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Responsibility While Protecting (RwP) and the Intervention in Yemen

Responsibility While Protecting (RwP) and the Intervention in Yemen

| January 2017
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The Saudi-led coalition justified its intervention in Yemen with reference to its “responsibility” to protect the people of Yemen, yet the intervention has put more civilians at risk. Drew Thompson argues that RwP, if it were an established norm, may have led to a different outcome.

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Is the EU Gradually Renouncing its Fundamental Values in Order to Better Protect its External Borders?

Is the EU Gradually Renouncing its Fundamental Values in Order to Better Protect its External Borders?

| November 2016
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Given the EU’s increasing outsourcing of its border security strategy to third countries, Solon Ardittis calls for “a fully fledged set of fundamental rights guidelines and monitoring mechanisms” to ensure the bloc does not abandon its fundamental values in favor of protecting its external borders.

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Clustering Countries, Changing Climates: An NGO Review to Close the Ambition Gap

Clustering Countries, Changing Climates: An NGO Review to Close the Ambition Gap

| November 2016
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The bottom-up element of the Paris Agreement has led to a substantial mismatch between the sum of individual countries’ proposed emissions cuts and the collective goal to hold global temperature rise below 2 degrees Celsius. In this online exclusive, Ewan Kingston proposes a new NGO review of climate contributions that will encourage countries to do more to close the so-called ambition gap.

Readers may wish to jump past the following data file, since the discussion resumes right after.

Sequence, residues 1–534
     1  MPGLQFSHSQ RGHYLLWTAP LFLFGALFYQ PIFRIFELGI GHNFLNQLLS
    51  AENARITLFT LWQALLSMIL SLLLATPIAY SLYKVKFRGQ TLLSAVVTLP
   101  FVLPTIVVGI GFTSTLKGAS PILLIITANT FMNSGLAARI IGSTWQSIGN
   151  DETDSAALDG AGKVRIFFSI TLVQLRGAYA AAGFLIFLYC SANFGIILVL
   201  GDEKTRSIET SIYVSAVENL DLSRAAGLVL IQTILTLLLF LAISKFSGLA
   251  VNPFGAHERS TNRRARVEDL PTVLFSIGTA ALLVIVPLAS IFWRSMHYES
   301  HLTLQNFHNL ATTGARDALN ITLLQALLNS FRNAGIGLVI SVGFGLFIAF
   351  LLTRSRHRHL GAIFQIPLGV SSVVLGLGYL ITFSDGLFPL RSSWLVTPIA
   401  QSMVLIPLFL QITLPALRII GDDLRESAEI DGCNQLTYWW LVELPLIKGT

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Autonomous Weapon Diplomacy: The Geneva Debates

Autonomous Weapon Diplomacy: The Geneva Debates

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The third and most recent informal experts’ meeting on lethal autonomous weapons systems (LAWS) took place in April 2016 at the UN Convention on Certain Conventional Weapons (CCW) in Geneva. In this paper, Jean-Baptiste Jeangène Vilmer addresses the procedure, negotiations, the balance of power, and diplomatic dimension of the last round of Geneva debates.

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U.S. Senator Sheldon Whitehouse on Climate Change: A Test of American Leadership

U.S. Senator Sheldon Whitehouse on Climate Change: A Test of American Leadership

| August 2016
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Climate change is urgent, and it commands a moral dimension. The dry, strategic terminology about competition, conflict and instability shrouds a terrible toll of simple human suffering. At the top of the economic pile, upper-income societies will likely pay a greater share of their wealth for food; marginal societies will go without.

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Choosing Among Alternative Responses to Mass Atrocity: Between the Individual and the Collectivity

Choosing Among Alternative Responses to Mass Atrocity: Between the Individual and the Collectivity

| September 2015
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MARK OSIEL

When a country pursues only a single mode of atrocity response, it will over-individualize or over-collectivize its treatment of wrongdoer and victim, in turn imposing additional injustices.

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Response to “Against Moral Absolutism: Surveillance and Disclosure After Snowden”

Response to “Against Moral Absolutism: Surveillance and Disclosure After Snowden”

| June 2015
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WILLIAM E. SCHEUERMAN

U.S. officials have acted irresponsibly, and because of thoughtful critics like Greenwald and Snowden, they may finally pay a modest price for their actions.

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Response to Critics of <i>The Thin Justice of International Law</i>

Response to Critics of The Thin Justice of International Law

| June 2015
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In this, the final contribution to our online symposium, Ratner responds to critics of his book.

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